By January 8, 2015 Read More →

Watchdog group to monitor Wood County C8 case

PARKERSBURG, W.Va. — A watchdog group launched a website Wednesday it says is aimed at making sure DuPont honors its obligations over exposure to the chemical known as C8.

The website KeepYourPromisesDuPont.com contains information about C8, an invitation for people to share how the chemical has affected them and their family and material on signing up for medical monitoring, which organizers say a very low number of eligible people have actually done.

“Basically what we want to do is make sure they keep those promises and don’t sweep them under the rug,” said Washington Bottom resident Joe Kiger, a member of the advisory board for Keep Your Promises and one of the lead plaintiffs in the original 2001 class-action lawsuit against DuPont over the presence of C8 in local water supplies near its Washington Works plant.

Also known as perfluorooctanoic acid or PFOA, C8 is a man-made chemical used in manufacturing products including nonstick cookware, protective finishes on carpets and water-resistant clothing. A science panel funded by DuPont as part of the settlement of the lawsuit issued findings of probable links between C8 exposure and kidney cancer, high cholesterol, thyroid disease, testicular cancer, inflammatory bowel disease and high blood pressure among pregnant women.

In an emailed statement Wednesday, Robin Ollis-Stemple, DuPont’s regional public affairs manager, said DuPont has consistently met its obligations from the 2005 settlement and will continue to do so.

“Several years ago, DuPont, working together with the local community, funded a comprehensive study to evaluate whether any probable links exist between a material no longer used in operation of our Washington Works facility and any disease,” she said. “We also committed to provide water filtration systems for six area water districts and fund a medical monitoring program for local residents.”

The affected water districts were in Lubeck and Mason County, W.Va., and Belpre, Little Hocking, Pomeroy and Tuppers Plains in Ohio.

Asked if he believed DuPont was attempting to break any of the promises it had made in the settlement, Kiger said he was “not saying they’re backing out on their promises.

“I would say we’re going to make sure they keep them,” he said.

The website opens with the statement “DuPont promised to do right by the people harmed by C8. Now, they are trying to back out on that promise.”

Asked about that wording, Kiger directed questions to Jeffrey Dugas, with Action Network, a nonprofit organization that helped area residents develop Keep Your Promises. Dugas issued a statement from Kiger saying “DuPont has taken baby steps in order to address the community’s concerns, but they can do much more to keep the promises they’ve made.

“DuPont has not compensated any community members who have filed claims. The medical monitoring program has been poorly publicized, and only a small fraction of community members who are eligible have signed up,” the statement says.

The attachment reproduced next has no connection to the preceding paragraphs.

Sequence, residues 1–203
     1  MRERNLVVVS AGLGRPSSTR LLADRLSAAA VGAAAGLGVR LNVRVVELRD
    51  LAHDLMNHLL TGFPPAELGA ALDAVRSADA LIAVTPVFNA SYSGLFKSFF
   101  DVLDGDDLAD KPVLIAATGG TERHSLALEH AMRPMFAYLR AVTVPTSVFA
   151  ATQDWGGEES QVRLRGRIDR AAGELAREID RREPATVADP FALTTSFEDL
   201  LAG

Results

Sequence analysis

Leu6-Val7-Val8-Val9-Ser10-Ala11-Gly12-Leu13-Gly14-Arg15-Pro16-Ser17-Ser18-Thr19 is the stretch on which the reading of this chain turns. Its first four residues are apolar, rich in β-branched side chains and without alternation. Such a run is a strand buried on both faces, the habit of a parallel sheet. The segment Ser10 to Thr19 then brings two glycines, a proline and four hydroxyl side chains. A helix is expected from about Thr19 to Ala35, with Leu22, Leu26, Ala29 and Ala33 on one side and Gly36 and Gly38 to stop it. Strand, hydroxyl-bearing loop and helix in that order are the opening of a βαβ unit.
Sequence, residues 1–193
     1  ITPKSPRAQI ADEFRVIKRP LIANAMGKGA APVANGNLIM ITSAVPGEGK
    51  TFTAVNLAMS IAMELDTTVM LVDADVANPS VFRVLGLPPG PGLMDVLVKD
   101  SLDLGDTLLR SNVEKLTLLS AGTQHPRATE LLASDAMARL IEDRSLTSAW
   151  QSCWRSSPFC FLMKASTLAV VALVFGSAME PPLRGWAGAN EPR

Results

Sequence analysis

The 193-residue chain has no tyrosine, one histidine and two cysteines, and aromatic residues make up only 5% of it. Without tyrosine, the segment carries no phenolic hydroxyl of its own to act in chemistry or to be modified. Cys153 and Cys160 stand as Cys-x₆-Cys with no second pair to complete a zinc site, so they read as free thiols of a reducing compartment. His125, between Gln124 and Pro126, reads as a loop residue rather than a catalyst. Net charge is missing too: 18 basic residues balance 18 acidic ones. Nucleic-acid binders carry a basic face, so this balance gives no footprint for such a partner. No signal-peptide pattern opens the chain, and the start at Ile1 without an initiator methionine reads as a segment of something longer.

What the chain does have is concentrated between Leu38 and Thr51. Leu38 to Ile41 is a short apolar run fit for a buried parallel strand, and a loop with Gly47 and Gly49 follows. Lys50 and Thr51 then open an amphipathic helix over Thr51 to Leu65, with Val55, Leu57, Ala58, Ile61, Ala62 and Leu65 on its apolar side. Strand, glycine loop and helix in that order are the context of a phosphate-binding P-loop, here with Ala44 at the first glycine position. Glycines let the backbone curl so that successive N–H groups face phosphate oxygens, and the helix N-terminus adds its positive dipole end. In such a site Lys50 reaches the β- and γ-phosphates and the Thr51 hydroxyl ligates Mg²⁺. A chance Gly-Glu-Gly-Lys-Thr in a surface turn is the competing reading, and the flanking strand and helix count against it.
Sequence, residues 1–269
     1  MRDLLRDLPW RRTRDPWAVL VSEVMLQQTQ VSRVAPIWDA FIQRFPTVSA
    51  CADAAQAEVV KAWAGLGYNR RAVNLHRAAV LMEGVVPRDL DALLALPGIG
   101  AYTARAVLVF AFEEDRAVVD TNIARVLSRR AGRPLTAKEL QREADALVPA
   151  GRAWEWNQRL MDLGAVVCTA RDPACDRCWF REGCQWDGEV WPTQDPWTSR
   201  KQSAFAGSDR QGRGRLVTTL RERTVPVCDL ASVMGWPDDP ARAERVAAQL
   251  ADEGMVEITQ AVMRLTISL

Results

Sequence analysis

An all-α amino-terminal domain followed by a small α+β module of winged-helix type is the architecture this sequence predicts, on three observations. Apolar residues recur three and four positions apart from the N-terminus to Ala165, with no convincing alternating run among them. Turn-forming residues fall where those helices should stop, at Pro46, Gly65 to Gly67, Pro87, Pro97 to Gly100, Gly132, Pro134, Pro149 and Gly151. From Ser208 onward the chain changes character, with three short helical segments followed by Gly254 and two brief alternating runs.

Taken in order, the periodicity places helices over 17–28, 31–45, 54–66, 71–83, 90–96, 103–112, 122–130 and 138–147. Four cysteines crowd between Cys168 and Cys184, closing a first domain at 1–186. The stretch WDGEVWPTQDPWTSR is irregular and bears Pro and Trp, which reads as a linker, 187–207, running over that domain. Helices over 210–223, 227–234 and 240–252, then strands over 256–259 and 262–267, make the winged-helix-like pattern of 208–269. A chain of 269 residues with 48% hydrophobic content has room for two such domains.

Data provided to The News and Sentinel by Harry Deitzler, who is one of the plaintiffs’ attorneys in the original lawsuit and not affiliated with Keep Your Promises, showed that out of the 98,956 potential participants sent notices by the medical monitoring group, 6,111 had registered with the program. Nearly 4,800 were classified as eligible.

So far, 620 physician appointments have been made by eligible class members and $23,840.43 worth of services have been approved for payment.

Recently, Deitzler and other plaintiffs’ attorneys filed documents saying more needed to be done by the director of the medical monitoring program to provide outreach to potential participants.

On Wednesday, Deitzler said that local company Brookmar was able to test and educate about 70,000 class members for the initial C8 Health Project. Brookmar is no longer involved with the medical monitoring program.

“I don’t know if it’s not being publicized enough,” Deitzler said. “The paperwork is so onerous that that might be the bigger problem.”

Michael K. Rozen, medical director for the monitoring program, did not respond to an email seeking comment Wednesday afternoon.

Another member of the Keep Your Promises advisory committee is Dr. Paul Brooks, who co-owned Brookmar and was extensively involved in the original testing. Brooks said he doesn’t understand the low participation rates either.

“If I’d qualified, I’d certainly want to take advantage of the monitoring,” he said. “I don’t know what it is, but something seems to keep the numbers low.”

Asked whether it was DuPont’s responsibility to publicize the monitoring program since it’s being handled by a third party, Dugas said the company is funding the program and “ultimately, DuPont is responsible for ensuring the program is effectively administered and publicized.”

As far as claims by community members not being paid, Deitzler said people have been filing individual lawsuits seeking claims. The settlement allowed class members to retain the rights to do so for conditions linked to C8.

DuPont cannot dispute general causation, but can argue C8 did not cause it in a particular instance, Deitzler said.

None of the individual cases have gone to trial or been settled at this point. The first trial is scheduled to begin in September in U.S. District Court in Columbus.

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